Environmental injuries Environmental injuries Presentation Transcript

  • Environmental Injuries
    • Cold-related Injuries
    • Heat-related Injuries
    • Electrical Injuries
    • Submersion/Drowning
    • CO Poisoning
    • Bites and Stings
  • Cold-related Injuries
  • Cold-Related Conditions: Tissue Injury
    • Frostbite
      • Tissue is cold and lacks sensation
      • Skin appears pale or mottled blue
      • Feels waxy and firm
      • Blisters, maceration and secondary bacterial infection can occur
    • Trench Foot / Immersion Foot
      • Tissue in wet, cold environment
      • Patient complains of numbness, pain and paresthesias
      • Initially pale, sensitive and edematous
      • Later findings are erythema, mottling or cyanosis
  • Frostbite & Trench Foot
  • Treatments
    • Frostbite
      • Warm in 40 °C water
      • Tetanus prophylaxis
      • Analgesia
      • Remove clear blister but NOT hemorrhagic blisters
      • Indian Journal of Medical Research, July 2002; 116:29-34
        • Pentoxifylline
        • Aspirin
        • Vitamin C
    • Trench/Immersion Foot
      • Rewarm
      • Remove wet clothing
      • Elevate
      • Local skin care
        • Topical antibiotics
        • Cleansing of denuded areas
      • Avoid wet environment!
      • Improves in 4-6 weeks
  • Hypothermia
    • Core body temperature < 35 °C
    • Clinical signs
      • Mild: shivering, confusion, lethargy, ↑HR ↑RR
      • Moderate: Shivering stops < 32°C, disoriented, stupor, ↓HR ↓BP ↓RR, decr reflexes
      • Severe ( < 28 °C): coma, dilated unreactive pupils, absent reflexes, muscle rigidity, ↓HR ↓BP ↓RR,asystole, ventricular fibrillation
  • Hypothermia
    • Cardiac Issues
      • Mild: tachycardia
      • Moderate: AF, PAT, PVCs, T-wave changes
        • Osborne waves , J waves, or camel-hump most prominent in inferior and lateral leads
      • Severe: bradycardia, asystole, VF
  • Osborne J Wave
  • Hypothermia Management
    • ABC’s, IV, O 2
    • Continuous cardiac and temp monitoring
    • Remove all wet clothes
    • Rewarming stages
      • Warm blankets (Bair Hugger)
      • Warm (45 °C) IV fluids and humidified O 2 (45 °C)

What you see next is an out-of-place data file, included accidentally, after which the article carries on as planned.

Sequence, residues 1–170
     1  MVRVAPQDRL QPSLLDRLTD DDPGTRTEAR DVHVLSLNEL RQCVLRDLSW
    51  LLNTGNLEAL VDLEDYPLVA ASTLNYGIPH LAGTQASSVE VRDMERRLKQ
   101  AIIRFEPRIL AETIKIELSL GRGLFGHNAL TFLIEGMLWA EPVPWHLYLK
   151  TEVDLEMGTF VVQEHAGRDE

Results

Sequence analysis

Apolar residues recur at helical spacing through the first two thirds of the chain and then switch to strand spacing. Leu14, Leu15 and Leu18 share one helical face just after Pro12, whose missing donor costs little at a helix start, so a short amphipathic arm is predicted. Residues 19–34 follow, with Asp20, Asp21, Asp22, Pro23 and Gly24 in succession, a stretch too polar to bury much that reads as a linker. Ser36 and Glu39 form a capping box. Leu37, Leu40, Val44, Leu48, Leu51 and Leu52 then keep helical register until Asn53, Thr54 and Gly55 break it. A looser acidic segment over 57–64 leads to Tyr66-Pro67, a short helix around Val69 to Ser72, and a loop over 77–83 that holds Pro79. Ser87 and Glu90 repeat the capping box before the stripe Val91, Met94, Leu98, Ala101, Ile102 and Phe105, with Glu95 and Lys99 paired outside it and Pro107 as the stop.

• Core rewarming techniques
        • Nasogastric tube, peritoneal lavage, pleuromediastinal lavage, femoro-femoral cardiopulmonary bypass
      • Endocrine issues: consider steroids and thyroxine
  • Hypothermia Key Concept: Afterdrop or Rewarming Shock
    • During rewarming, the core temperature may drop!
    • Theory
      • Core is warmer than periphery
      • As you warm periphery, blood vessels dilate
      • More cold blood moves to core
    • Prevention
      • Surface and core rewarming should occur simultaneously
  • Heat-Related Conditions
    • Internal Heat Emergencies
    • Malignant hyperthermia
    • Neuroleptic malignant syndrome
    • Serotonin syndrome
    • External Heat Emergencies
    • Heat cramps
    • Heat edema
    • Heat syncope
    • Heat exhaustion
    • Heat stroke
  • Heat: A Few Facts
    • #2 environmental killer after hypothermia
    • USA
      • 1936 - 1975, nearly 20,000 deaths in U.S.
      • 1979 – 1997, nearly 7,000 deaths
      • Great heat wave of 1980: 1,250 deaths
      • Average year: 175 deaths in the U.S.
    • India
      • 1998 – heat wave killed 2600 in 10 weeks (official #)
      • 2003 – heat wave (50 °C or 122°F) killed > 1300
    • Future expectations
      • Global warming
      • Aging of the population
      • Increase frequency and intensity of heat waves predicted
  • Risk Factors
    • Children up to four years of age
    • >65 years of age
    • Mental or Physical Disability
    • Overweight
    • Overexertion during work or exercise
  •  
  • Heat Cramps
    • Brief, intermittent, muscle cramping
    • Abdominal rectus or calf muscles
    • Euthermic, mild dehydration
    • No need to check labs (CK or U/A)
    • IV Fluids rarely required
  • Heat Edema
    • Swollen feet/ankles after prolonged sitting/standing
    • Typically in (semi)tropical areas
    • Vasodilation, hydrostatic pressure and orthostatic pooling lead to vascular leak
    • No underlying cardiac, lymphatic, hepatic or venous disease
    • Elevate, support hose, reassurance
    • Diuretics – no proven benefit
  • Heat Syncope
    • Diagnosis of exclusion in young, healthy patients without cardiac problems!
    • Syncopal event in warm/humid weather following strenuous activity
    • Pooling of blood in periphery from vasodilation due to heat
    • Euthermic, normal exam
    • Hydrate!
  • Heat Exhaustion Similar to a viral syndrome
    • Fatigue and weakness
    • Nausea and vomiting
    • Headache and myalgias
    • Dizziness
    • Muscle cramps and myalgias
    • Irritability
  • Heat Exhaustion Physical Findings
    • Weakness
    • Vomiting
    • Orthostatic pulse and blood pressure changes
    • Sweating*
    • Piloerection
    • Tachycardia
    • Temperature is usually less than 41°C (106°F)
    • Normal mental status!
  • Heat Exhaustion Treatment
    • Check electrolytes
    • Check CPK and dip urine
    • Aggressive rehydration with intravenous normal saline
    • Endpoint: normothermic and good urine output